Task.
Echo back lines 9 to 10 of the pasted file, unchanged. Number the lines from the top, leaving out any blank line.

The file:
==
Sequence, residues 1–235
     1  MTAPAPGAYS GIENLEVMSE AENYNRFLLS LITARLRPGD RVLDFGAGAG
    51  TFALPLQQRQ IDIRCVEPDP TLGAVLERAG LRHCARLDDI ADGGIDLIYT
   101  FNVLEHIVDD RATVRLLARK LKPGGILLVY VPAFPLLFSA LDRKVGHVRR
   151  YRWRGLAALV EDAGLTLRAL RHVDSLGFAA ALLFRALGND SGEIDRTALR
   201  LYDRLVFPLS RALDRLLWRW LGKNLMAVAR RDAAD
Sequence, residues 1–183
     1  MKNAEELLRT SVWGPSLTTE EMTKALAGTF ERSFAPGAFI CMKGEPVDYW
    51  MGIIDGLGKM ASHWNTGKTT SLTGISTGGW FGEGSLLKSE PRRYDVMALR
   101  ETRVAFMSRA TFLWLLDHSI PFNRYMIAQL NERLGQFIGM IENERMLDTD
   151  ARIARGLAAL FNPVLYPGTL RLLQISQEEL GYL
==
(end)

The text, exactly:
    51  MGIIDGLGKM ASHWNTGKTT SLTGISTGGW FGEGSLLKSE PRRYDVMALR
   101  ETRVAFMSRA TFLWLLDHSI PFNRYMIAQL NERLGQFIGM IENERMLDTD